Treatment plans for eating disorders may not only include a psychotherapist or psychologist. It may also need a registered dietitian, medical professional, and family members as well. Management of eating disorders is not easy. Rather, it is time-consuming and can be a long-term challenge, too. Patients and professionals have to set long-term goals to recover. Also continuous reinforcement and information about progress motivates the patients to recover. Eating disorders can also lead to physical health problems like digestive issues, dental problems and many more. 

Though psychological therapy is of utmost importance in treating eating disorders, it may continue for months to years. Patients and their family members should not miss appointments with mental health professionals, and treatment adherence also matters for improvement and recovery. Poor compliance with treatment may be detrimental to patients and their families, too. Psychotherapy can help patients to normalize their eating patterns, exchange unhealthy eating habits with healthy ones, develop proper coping strategies to deal with low self-esteem and negative body image as well as other mental health condition, self-monitoring of mood and eating habits, bring improvement in the execution of tasks and relationships as well. It may involve cognitive behavior therapy, family therapy, and mindfulness therapy as well.

Cognitive behavior therapy helps to challenge the cognitive errors present in the minds of patients or adolescents, which affect their behavior negatively. It also helps to deal with negative automatic thoughts and brings improvement in behavior. It also identifies thoughts, feelings, and behaviors that are leading to eating disorders to bring positive changes and improvements in the behavior of people suffering from eating disorders.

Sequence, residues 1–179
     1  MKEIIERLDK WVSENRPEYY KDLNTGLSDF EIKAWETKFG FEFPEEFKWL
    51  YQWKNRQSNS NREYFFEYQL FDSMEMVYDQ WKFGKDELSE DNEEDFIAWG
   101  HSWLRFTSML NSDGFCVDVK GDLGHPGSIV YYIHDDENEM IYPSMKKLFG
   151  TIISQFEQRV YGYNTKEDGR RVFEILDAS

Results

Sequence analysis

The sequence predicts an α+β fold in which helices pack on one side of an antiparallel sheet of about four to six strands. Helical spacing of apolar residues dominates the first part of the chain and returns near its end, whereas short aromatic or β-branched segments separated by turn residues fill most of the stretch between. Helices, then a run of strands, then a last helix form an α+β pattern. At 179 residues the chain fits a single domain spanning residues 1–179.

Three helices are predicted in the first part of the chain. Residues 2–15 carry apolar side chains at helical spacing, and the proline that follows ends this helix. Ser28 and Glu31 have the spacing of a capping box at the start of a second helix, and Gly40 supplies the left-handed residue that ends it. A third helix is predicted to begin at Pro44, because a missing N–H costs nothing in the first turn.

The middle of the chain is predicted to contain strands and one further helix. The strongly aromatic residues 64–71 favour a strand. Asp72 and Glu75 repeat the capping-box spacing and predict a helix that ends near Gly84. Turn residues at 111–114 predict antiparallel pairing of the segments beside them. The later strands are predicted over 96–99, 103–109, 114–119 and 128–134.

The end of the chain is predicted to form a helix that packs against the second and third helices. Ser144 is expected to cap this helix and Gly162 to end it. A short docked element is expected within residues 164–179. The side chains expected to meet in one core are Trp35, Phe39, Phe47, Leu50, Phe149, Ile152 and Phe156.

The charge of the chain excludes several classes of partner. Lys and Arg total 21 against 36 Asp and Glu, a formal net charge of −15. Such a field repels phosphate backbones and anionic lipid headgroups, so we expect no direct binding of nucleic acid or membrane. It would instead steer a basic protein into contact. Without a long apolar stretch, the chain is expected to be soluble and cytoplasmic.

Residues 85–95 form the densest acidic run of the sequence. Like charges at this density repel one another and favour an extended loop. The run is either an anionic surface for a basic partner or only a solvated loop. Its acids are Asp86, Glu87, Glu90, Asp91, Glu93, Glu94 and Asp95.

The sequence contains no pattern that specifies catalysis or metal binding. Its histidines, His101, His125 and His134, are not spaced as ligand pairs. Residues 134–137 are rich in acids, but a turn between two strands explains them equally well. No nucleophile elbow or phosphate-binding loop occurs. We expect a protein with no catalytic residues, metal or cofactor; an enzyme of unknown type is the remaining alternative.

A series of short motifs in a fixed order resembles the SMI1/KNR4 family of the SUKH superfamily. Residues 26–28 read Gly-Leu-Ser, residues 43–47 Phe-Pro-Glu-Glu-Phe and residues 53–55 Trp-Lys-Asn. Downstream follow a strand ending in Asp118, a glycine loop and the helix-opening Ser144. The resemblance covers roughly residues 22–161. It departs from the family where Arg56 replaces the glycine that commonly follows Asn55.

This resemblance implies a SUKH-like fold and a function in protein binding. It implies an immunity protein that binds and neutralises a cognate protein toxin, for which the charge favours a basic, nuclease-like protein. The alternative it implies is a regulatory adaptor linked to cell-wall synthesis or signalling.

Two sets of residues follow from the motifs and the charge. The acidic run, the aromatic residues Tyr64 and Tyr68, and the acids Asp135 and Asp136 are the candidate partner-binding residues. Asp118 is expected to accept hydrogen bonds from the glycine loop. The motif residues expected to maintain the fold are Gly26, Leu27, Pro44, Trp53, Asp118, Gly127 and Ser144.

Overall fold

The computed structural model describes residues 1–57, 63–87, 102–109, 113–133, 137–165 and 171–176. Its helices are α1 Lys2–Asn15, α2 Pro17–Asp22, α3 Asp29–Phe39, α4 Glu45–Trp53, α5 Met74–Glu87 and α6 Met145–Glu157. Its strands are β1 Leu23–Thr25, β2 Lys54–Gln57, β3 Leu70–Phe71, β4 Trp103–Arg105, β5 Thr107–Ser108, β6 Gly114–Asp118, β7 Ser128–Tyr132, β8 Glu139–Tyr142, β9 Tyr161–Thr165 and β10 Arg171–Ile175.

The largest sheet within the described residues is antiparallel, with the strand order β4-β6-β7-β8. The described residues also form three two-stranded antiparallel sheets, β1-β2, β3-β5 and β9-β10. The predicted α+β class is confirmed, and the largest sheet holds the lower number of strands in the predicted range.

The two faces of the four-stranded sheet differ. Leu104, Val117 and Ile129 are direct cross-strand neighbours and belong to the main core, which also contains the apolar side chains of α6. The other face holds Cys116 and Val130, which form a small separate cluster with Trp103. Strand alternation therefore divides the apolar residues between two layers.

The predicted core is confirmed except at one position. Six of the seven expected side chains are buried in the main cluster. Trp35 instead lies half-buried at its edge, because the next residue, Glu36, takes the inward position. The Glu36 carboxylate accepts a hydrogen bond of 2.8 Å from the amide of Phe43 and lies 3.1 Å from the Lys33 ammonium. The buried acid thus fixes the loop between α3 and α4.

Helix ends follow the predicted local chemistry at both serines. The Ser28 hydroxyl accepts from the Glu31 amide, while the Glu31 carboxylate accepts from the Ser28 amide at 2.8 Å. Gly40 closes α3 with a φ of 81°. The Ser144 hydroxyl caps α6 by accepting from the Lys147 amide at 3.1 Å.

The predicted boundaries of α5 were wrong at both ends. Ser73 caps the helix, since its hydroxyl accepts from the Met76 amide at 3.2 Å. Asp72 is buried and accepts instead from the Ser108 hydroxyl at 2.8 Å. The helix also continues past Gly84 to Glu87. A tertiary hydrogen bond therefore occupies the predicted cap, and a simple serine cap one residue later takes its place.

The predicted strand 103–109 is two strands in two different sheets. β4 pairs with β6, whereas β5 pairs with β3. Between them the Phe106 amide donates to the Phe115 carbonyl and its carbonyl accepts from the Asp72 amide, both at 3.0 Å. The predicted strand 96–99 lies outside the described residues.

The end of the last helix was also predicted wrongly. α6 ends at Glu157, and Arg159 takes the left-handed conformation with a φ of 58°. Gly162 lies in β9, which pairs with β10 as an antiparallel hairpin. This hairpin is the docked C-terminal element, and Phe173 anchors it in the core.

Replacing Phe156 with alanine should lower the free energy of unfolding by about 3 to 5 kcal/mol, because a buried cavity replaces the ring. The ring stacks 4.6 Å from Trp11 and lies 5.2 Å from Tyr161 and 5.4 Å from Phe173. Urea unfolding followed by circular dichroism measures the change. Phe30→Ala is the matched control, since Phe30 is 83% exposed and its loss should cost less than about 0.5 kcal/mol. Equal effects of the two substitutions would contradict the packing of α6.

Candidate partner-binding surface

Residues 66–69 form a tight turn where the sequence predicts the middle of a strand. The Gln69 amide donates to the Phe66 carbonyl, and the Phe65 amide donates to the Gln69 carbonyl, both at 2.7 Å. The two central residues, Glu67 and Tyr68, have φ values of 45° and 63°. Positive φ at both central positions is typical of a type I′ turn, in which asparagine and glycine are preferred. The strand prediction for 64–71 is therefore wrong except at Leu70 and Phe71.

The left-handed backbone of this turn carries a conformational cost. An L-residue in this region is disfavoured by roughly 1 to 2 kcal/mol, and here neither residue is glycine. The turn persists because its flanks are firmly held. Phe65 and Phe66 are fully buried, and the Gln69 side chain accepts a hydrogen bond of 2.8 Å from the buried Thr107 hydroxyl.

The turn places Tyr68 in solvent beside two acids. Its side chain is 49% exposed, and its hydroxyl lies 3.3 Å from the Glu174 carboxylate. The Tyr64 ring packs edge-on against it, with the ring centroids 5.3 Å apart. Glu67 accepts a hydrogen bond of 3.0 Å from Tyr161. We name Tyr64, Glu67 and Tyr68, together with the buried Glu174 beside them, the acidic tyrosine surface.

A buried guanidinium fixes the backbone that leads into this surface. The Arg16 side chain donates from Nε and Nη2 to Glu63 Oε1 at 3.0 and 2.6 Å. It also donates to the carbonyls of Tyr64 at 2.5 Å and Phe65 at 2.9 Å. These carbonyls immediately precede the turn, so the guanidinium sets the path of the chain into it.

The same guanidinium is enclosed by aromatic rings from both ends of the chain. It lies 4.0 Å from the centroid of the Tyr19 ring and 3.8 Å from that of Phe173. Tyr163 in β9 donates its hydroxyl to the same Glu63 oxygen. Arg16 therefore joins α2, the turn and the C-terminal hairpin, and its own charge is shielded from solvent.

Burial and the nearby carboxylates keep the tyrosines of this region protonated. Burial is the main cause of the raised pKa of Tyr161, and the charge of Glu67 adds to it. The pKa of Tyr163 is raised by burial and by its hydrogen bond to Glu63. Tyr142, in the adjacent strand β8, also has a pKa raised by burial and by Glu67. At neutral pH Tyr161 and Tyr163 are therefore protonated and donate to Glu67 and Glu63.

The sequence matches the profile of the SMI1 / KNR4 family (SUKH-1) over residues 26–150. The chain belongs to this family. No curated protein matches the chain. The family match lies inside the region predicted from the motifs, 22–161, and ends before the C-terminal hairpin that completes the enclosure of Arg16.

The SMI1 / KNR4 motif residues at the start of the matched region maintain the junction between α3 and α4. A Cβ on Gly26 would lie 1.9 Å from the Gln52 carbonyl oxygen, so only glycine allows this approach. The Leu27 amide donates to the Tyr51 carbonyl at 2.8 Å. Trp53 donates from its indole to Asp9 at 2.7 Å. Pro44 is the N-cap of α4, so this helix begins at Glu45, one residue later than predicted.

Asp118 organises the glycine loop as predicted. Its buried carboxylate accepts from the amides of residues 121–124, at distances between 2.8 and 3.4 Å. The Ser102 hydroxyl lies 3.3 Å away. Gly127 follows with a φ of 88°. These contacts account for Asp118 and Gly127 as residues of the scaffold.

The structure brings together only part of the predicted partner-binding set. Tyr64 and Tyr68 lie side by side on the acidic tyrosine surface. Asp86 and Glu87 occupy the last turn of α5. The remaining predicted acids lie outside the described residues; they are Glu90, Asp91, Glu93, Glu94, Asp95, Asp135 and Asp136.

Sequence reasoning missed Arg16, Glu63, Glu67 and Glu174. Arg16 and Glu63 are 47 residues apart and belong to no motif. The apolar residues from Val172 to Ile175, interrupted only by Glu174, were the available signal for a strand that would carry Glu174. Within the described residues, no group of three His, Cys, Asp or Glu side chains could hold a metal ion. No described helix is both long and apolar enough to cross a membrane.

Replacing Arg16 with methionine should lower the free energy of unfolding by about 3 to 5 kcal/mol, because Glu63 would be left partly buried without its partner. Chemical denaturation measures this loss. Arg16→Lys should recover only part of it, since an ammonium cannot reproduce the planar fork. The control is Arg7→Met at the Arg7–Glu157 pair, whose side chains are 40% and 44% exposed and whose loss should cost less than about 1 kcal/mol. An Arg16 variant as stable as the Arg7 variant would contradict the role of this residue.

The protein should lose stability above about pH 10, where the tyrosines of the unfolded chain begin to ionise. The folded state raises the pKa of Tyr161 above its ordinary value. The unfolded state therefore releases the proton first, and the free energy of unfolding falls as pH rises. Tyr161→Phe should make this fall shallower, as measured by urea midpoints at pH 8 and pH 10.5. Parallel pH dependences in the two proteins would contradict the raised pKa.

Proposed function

Family therapy is also helpful to treat eating disorders as family members learn how to deal with their children and further they can help them to restore healthy eating habits while changing the unhealthy ones. They can also use principles of behavior therapy like reinforcement, which would be helpful in recovering.

Mindfulness helps our mind and body to calm down and relax. It helps us be non-judgmental, helps in emotional regulation and distress tolerance, and improves interpersonal skills effectively, which are impaired in eating disorders and other mental health conditions. Mindfulness helps us to be aware of the present moment with a sense of curiosity and openness and without being non-judgmental. In eating disorders, after prolonged restrictions on food consumption, human bodies cannot send hunger cues properly anymore. So, in this case, practicing mindfulness can improve our ability to identify, access, understand d, and respond to our body’s internal signals like hunger, thirst, and physical processes that come with stress, like palpitations, excessive sweating, and shaky hands. Mindful breathing and focusing on the tangible sensations of the moment while thinking about food and eating can help us understand when people understand their hunger and the satisfaction of hunger.

Group therapy can also help in dealing with eating disorders, where a mental health professional deals with multiple people suffering from eating disorders. Group therapy does not let people feel that they are suffering alone. People do not have any problems sharing their thoughts, feelings, and emotions with each other, which helps them to deal with their problems confidently. It also helps them to interact with each other, leading to better communication and improved relationships. They can also learn skills to deal with their struggles.

Along with the above-mentioned therapies, from my point of view, to prevent disorders, schools should keep school counselors or school psychologists who can help teach parents, teachers, and students healthy coping strategies to deal with mental health conditions. It becomes easier for schools to conduct awareness programs with the help of psychologists.